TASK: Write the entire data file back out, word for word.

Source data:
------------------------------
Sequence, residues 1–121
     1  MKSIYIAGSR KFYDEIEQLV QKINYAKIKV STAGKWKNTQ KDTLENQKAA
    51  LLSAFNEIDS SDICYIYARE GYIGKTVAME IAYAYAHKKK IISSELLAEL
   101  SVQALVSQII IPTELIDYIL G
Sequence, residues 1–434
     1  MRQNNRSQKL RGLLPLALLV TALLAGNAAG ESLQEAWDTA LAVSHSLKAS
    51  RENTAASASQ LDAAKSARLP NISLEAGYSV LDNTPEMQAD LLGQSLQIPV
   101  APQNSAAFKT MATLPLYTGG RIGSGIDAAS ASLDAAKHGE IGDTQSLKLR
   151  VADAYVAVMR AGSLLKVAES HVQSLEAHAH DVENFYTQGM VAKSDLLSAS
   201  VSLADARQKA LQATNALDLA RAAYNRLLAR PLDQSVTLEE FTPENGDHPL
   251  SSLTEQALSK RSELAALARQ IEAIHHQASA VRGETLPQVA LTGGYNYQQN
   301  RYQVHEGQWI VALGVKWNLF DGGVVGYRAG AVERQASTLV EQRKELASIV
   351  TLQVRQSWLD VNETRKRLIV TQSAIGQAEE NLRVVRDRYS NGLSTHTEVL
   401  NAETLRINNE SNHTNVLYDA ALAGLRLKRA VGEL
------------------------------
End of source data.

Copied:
Sequence, residues 1–121
     1  MKSIYIAGSR KFYDEIEQLV QKINYAKIKV STAGKWKNTQ KDTLENQKAA
    51  LLSAFNEIDS SDICYIYARE GYIGKTVAME IAYAYAHKKK IISSELLAEL
   101  SVQALVSQII IPTELIDYIL G
Sequence, residues 1–434
     1  MRQNNRSQKL RGLLPLALLV TALLAGNAAG ESLQEAWDTA LAVSHSLKAS
    51  RENTAASASQ LDAAKSARLP NISLEAGYSV LDNTPEMQAD LLGQSLQIPV
   101  APQNSAAFKT MATLPLYTGG RIGSGIDAAS ASLDAAKHGE IGDTQSLKLR
   151  VADAYVAVMR AGSLLKVAES HVQSLEAHAH DVENFYTQGM VAKSDLLSAS
   201  VSLADARQKA LQATNALDLA RAAYNRLLAR PLDQSVTLEE FTPENGDHPL
   251  SSLTEQALSK RSELAALARQ IEAIHHQASA VRGETLPQVA LTGGYNYQQN
   301  RYQVHEGQWI VALGVKWNLF DGGVVGYRAG AVERQASTLV EQRKELASIV
   351  TLQVRQSWLD VNETRKRLIV TQSAIGQAEE NLRVVRDRYS NGLSTHTEVL
   401  NAETLRINNE SNHTNVLYDA ALAGLRLKRA VGEL